Why Schools Need to Change
Why Schools Need to Change

Today’s learners face an uncertain present and a rapidly changing future that demand far different skills and knowledge than were needed in the 20th century. We also know so much more about enabling deep, powerful learning than we ever did before. Our collective future depends on how well young people prepare for the challenges and opportunities of 21st-century life.

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Ultimately, personalized learning should be about problem-solving to help every student thrive, not one particular approach to instruction.

A student with dyslexia told us he thrives in a classroom that gives students multiple choices over their learning, while another student said she needs more structure. While some students clearly bloom in a loud, active, project-based classroom, a student with autism might be completely overwhelmed by the noise, movement, and lack of clear direction.

It’s easy to agree that one-size-fits-all doesn’t work very well as an educational model for the 21st century. This above excerpt from Are We Personalizing Learning for the Students Who Need It Most? by Robin Lake, director of the Center for Reinventing Public Education (CRPE), characterizes the complexity of educating learners who are all unique.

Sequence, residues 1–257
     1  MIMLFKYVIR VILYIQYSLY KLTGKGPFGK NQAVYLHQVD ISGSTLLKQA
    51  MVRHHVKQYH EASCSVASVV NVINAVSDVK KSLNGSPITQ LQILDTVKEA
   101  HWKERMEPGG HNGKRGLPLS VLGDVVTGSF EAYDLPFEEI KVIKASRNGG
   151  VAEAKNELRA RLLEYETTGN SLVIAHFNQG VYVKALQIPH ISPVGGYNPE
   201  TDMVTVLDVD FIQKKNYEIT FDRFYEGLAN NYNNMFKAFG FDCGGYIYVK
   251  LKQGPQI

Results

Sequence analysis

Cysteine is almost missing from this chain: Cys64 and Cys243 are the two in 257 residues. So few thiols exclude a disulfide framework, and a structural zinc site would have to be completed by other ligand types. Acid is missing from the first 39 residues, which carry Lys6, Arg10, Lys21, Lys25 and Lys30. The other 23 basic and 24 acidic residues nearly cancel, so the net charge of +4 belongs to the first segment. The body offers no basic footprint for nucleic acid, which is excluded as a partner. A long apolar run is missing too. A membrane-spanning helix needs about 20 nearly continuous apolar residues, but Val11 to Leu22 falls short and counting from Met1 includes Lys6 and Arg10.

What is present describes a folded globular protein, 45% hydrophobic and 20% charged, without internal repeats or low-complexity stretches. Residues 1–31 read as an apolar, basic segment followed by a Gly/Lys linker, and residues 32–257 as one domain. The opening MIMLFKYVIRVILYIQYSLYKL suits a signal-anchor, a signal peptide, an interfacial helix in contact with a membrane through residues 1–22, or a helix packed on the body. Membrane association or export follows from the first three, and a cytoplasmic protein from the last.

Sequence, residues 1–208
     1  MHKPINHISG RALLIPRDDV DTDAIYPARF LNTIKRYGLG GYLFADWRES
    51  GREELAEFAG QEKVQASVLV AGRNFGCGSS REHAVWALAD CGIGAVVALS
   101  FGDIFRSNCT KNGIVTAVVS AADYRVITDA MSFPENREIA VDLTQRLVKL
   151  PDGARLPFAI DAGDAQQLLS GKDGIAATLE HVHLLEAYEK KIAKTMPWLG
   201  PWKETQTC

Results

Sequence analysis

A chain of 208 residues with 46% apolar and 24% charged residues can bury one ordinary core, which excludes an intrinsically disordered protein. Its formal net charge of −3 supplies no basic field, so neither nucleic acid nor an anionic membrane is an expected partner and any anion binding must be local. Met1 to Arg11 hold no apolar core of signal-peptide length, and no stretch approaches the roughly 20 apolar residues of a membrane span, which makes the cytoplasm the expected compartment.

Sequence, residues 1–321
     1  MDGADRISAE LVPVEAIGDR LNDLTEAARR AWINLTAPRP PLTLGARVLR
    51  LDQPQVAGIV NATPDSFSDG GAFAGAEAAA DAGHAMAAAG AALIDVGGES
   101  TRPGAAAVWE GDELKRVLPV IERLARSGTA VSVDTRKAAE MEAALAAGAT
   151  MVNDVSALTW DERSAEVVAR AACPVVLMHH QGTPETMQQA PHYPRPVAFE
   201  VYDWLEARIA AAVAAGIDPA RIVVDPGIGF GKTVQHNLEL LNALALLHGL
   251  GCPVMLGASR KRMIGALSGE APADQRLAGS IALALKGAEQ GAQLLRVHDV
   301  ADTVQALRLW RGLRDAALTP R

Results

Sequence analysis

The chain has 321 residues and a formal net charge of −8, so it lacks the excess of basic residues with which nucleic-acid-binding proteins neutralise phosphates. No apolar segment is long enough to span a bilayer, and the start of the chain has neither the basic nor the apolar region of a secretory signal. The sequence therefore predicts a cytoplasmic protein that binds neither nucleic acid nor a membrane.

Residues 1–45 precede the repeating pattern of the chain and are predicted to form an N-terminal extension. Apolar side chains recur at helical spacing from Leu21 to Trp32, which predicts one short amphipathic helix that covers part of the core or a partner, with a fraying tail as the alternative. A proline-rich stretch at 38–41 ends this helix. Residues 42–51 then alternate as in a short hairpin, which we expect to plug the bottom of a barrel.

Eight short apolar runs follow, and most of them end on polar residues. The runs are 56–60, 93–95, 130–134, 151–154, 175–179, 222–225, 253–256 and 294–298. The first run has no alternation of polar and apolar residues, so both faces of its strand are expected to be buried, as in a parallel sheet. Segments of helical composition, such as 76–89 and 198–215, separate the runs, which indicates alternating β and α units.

But making a shift to one-size-fits-one is really hard. Especially if you consider that each teacher may be charged with personalizing their instruction for 25 or 30 kids, or more, every day for every lesson. As teachers make the shift to personalized learning in their classrooms, they are finding strategies that enable them to manage this challenging task. But in their visits to personalized learning schools, Robin and her team have discovered that many of these well-intentioned strategies may still leave some students behind.

The theory behind personalized learning (PL)—crafting an individualized education experience for each student—holds tremendous potential for better serving all students, especially students who don’t fit the norm. But too often teachers in PL classrooms are simply substituting one-size-fits-all direct group instruction for one-size-fits-all models of personalization. Ultimately, this approach may be just as likely to leave some students behind.

In our visits to PL schools, we’re seeing a move away from traditional lecture-based formats in favor of lively classrooms where students tackle self-designed projects. In some classrooms, students move on a fixed schedule from one learning station to the next. In others, students independently navigate a host of activities on their own timetable.

PL advocates often promote this vision of the “better” classroom. To be sure, these formats give students more input and variety in their learning and, arguably, meaningfully improve on traditional direct instruction. But they don’t work for all students.

Continue reading Are We Personalizing Learning for the Students Who Need It Most? on CRPE’s blog for examples of personalized learning strategies in use that hold promise for reaching even the most complex of learners.

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Kristen Vogt (she/her/hers)

Knowledge Officer, NGLC

Kristen Vogt, knowledge management officer for NGLC, focuses on identifying lessons, strategies and outcomes from the NGLC community and making them available to a wider audience.